Dismiss Notice
Join Physics Forums Today!
The friendliest, high quality science and math community on the planet! Everyone who loves science is here!

Transient heat conduction in a slab

  1. Feb 9, 2012 #1
    1. The problem statement, all variables and given/known data

    Consider unsteady state heat conduction through an infinitely wide slab of solid material of thickness 2L. There is no internal heat generation and the thermal properties of the material are independent of temperature and position. Starting from an energy balance, show that the temperature T at a distance z from the central plane at time t is described by an equation of the form

    [itex]\frac{dT}{dt}[/itex] = A [itex]\frac{\partial^{2}T}{\partial\eta^{2}}[/itex]

    where η = z/L and A is a group of parameters. Define A.

    3. The attempt at a solution

    I want to perform a energy balance, which should come out in the form:

    aq = a(q+dq)+[itex]\frac{\partial H}{\partial t}[/itex]

    where a is the area and then I can probably solve it from there
    However, in this case I can't do so as because the slab is infinitely wide I can't get a. Is there a problem with the way I'm visualising it in three dimensions or should I be taking a different approach to the energy balance?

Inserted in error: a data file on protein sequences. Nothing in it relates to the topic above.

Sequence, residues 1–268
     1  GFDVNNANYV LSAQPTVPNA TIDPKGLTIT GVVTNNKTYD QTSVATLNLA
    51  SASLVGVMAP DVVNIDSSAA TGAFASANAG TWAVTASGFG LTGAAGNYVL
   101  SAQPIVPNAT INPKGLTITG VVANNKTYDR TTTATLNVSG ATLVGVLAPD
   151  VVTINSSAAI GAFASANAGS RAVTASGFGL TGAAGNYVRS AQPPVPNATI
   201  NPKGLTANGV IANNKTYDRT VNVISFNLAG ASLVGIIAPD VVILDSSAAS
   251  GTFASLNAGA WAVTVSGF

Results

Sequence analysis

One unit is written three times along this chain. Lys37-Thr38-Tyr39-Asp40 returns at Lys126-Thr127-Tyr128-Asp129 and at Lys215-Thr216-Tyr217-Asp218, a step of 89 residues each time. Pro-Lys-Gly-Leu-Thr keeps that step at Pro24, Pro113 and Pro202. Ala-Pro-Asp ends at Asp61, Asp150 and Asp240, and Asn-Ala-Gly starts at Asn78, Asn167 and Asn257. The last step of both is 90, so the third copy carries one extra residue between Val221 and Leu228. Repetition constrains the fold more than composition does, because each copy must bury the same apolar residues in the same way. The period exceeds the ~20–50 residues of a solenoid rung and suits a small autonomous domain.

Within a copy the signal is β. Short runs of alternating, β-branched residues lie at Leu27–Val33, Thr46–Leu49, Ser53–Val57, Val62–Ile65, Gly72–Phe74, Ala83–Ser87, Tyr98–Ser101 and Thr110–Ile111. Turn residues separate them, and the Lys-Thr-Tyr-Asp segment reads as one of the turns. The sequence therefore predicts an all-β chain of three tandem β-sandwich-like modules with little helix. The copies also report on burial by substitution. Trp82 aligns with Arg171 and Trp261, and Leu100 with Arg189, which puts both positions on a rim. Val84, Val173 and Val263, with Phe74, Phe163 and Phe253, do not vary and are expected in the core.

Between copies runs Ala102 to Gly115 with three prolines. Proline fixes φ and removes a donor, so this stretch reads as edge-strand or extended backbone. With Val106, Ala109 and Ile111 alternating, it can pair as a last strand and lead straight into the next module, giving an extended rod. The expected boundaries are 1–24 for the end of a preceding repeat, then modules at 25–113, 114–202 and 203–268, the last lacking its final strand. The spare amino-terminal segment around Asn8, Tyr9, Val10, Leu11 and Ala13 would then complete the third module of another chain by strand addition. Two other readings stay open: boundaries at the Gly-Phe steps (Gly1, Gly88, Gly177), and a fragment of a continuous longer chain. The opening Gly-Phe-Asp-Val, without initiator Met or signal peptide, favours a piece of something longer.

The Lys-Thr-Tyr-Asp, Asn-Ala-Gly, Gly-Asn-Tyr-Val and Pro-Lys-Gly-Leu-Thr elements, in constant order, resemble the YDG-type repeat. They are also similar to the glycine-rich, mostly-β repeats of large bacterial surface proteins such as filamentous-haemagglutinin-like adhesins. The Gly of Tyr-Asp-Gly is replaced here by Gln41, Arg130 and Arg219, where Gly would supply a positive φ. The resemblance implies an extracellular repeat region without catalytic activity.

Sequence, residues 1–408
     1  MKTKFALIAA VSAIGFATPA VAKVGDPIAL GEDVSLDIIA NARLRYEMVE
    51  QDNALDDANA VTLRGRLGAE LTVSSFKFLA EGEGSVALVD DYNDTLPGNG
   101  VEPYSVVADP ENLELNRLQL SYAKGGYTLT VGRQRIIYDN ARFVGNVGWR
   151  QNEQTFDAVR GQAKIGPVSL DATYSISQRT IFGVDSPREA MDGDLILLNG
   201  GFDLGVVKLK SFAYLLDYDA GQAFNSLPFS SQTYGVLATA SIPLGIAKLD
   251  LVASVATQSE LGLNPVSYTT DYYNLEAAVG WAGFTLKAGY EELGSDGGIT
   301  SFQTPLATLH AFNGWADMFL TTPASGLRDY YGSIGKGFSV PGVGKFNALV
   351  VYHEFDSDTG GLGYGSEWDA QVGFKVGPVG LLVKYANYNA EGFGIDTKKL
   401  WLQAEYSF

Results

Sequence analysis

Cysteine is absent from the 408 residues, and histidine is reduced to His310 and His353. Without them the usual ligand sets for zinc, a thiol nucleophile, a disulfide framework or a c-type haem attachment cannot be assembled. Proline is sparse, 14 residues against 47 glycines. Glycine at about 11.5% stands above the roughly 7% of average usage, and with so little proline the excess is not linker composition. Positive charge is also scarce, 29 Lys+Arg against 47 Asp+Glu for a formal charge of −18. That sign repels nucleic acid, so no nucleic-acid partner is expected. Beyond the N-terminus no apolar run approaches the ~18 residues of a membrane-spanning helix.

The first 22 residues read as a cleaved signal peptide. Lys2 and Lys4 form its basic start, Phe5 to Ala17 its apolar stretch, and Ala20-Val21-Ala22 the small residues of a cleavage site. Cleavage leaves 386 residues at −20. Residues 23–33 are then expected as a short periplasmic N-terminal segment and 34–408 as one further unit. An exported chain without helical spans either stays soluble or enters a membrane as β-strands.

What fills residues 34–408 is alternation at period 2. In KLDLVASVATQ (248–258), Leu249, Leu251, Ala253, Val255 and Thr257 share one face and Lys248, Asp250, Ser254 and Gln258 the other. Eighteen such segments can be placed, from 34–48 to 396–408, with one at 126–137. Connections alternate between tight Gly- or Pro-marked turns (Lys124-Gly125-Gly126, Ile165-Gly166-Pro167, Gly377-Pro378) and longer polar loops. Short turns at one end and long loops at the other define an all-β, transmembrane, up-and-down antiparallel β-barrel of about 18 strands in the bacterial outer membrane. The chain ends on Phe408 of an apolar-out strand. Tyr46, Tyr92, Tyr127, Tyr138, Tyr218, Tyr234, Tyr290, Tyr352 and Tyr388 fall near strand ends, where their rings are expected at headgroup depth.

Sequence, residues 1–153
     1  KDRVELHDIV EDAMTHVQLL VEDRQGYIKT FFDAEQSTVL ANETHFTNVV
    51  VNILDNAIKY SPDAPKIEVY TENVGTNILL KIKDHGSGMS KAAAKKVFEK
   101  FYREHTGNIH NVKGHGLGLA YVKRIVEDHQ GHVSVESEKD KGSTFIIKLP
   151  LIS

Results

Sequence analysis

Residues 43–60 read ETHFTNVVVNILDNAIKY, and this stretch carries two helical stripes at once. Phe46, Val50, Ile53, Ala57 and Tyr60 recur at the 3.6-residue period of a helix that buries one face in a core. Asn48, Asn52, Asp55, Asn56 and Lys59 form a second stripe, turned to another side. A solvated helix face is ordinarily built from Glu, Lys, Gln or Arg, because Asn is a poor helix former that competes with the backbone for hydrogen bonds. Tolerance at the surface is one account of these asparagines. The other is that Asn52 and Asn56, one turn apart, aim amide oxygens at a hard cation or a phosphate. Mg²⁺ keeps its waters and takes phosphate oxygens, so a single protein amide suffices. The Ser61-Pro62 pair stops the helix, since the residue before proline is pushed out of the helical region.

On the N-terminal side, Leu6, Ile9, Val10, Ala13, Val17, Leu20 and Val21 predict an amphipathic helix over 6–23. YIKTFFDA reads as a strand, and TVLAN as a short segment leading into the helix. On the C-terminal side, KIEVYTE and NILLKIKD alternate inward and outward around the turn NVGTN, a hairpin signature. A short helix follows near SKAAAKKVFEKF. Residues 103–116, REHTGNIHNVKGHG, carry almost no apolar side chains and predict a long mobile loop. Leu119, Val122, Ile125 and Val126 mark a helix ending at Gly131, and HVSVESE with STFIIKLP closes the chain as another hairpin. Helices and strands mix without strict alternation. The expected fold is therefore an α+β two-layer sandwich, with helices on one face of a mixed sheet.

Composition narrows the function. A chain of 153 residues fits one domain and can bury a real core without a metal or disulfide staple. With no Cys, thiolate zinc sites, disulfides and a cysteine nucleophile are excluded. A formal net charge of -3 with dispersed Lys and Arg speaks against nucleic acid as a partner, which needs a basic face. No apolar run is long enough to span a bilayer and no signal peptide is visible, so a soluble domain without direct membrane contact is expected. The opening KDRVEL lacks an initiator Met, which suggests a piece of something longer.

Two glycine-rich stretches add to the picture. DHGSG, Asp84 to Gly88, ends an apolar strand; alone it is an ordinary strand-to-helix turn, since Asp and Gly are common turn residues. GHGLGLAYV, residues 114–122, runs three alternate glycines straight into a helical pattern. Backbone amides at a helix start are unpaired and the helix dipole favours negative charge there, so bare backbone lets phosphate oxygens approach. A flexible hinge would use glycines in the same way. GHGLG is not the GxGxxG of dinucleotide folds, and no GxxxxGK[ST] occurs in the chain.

2. jcsd
  3. Mar 13, 2012 #2
    I'm no expert and have just started with thermodynamics but I think you should look at lumped capacity and semi-infinite solids
  4. Mar 14, 2012 #3
    Based on the equation you cite, the problem is one dimensional and you are being asked to derive the Fourier equation. Call your control volume area Δa. The areas will all cancel out once you finish the derivation. The derivative with respect to time should be a partial derivative because you have two independent variables, time and space.

    I would not worry about non-dimensionalizing until after you complete the derivation.
Share this great discussion with others via Reddit, Google+, Twitter, or Facebook